Google’s SRE book is a well-grounded, lucid discussion of running modern software services. A highlight is the discussion of error-budgets, which demonstrates why, in order to make good engineering decisions, it’s vital we quantify the level of imperfection we are willing to accept.
Being explicit about what is “good enough” allows our teams to focus on delivering what is really impactful.
This idea is common knowledge. We often hear “perfect is the enemy of shipped”, and we see examples of the idea in Minimal Viable Products. Often however the full implications aren’t actually taken into account, and this causes real problems in the process of making the best software which is possible to build within our real-word constraints.
The problem isn’t that we don’t understand that these decisions are tradeoffs, Instead, we often don’t define how imperfect we’re happy for our software to be, and that means our focus is in the wrong places.
Value Axes – Imperfection in every direction
We all know our software can’t be perfect. Of course we want it to be as good as possible. Ask a stakeholder what % of the time a service should be avaliable and, when presented in isolation, the answer may be “as close to 100% as possible”. Improving availability will take up time we could use elsewhere, is this really how we deliver the most value to our customers?
What does “good” even mean for our software? Any reasonable definition needs to spread it’s evaluation very wide. Our service delivers value by having features our customers get value from, its features being avaliable for the customer to use, the services needs low-enough latency to deliver a good experience, and the list goes on.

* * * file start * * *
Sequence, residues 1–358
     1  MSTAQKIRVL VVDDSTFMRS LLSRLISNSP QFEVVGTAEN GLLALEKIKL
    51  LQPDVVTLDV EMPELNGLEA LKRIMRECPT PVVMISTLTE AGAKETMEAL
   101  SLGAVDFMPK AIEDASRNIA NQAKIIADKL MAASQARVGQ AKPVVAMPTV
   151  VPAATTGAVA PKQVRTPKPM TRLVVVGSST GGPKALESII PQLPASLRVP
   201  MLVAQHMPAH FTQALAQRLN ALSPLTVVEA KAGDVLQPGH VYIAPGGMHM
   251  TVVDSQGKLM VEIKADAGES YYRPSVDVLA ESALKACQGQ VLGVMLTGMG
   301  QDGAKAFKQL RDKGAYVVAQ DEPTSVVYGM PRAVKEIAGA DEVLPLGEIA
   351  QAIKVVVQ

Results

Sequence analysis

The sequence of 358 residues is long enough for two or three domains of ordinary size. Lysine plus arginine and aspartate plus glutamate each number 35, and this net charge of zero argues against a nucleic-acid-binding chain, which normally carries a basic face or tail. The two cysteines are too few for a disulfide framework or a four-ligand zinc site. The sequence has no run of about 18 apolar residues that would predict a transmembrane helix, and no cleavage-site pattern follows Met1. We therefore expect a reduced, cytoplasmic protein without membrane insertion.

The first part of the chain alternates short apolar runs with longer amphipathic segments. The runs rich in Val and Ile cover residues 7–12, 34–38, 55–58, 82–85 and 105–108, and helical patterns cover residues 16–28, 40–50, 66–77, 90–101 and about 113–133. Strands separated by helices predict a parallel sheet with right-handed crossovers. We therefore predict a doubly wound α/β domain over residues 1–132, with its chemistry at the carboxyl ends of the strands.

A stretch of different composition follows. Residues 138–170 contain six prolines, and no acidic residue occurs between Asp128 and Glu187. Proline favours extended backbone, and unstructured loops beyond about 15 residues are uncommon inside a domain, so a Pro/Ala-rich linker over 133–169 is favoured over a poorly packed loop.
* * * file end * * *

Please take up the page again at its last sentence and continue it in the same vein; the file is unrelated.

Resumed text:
I’ve never met a team who can’t imagine work which would improve their services along one of these axes. In fact, most of these axes extend indefinatly towards ultimately unreachable goals e.g. 100% availability or 0ms response times. A “perfect” service would have all the features a user could possibly want, incredible performance, reliability, cost-efficiency etc.. This perfect service can’t be reached, and in practice probably should never be reached. A long time before we even come close to this perfect service, we should be focusing our effort somewhere else which delivery more value for each unit of our time. Importantly, this point of diminishing returns is often sooner than we think, at least initially.
Towards Optimal Imperfection
The fact that a perfect service is unattainable means we are, as always, in the messy world of trade-offs. Improving any possible attribute adds real value, but we have to decide which one of these parameters we will push forward, and which we will leave. The opportunity cost (what we could be doing instead of the chosen work), is often higher than we intuitively believe.
Accepting that the perfect service doesn’t exist is good for freeing our mental constraints. No matter how long we work on this service, the wider software stack, or any part of the software, it will always be imperfect. We will have to accept some level of unavailability, features we wish the service had, outlier latency spikes and a million other imperfections. We are not closing in on perfection, and should never imagine we are. In a world where we’re seeking perfection, any work which extends our progress along any of the value axes would makes sense. If instead we look at each and every value axis as a un-ending project of reducing imperfection, it frees us to evaluate when to stop moving along that axis.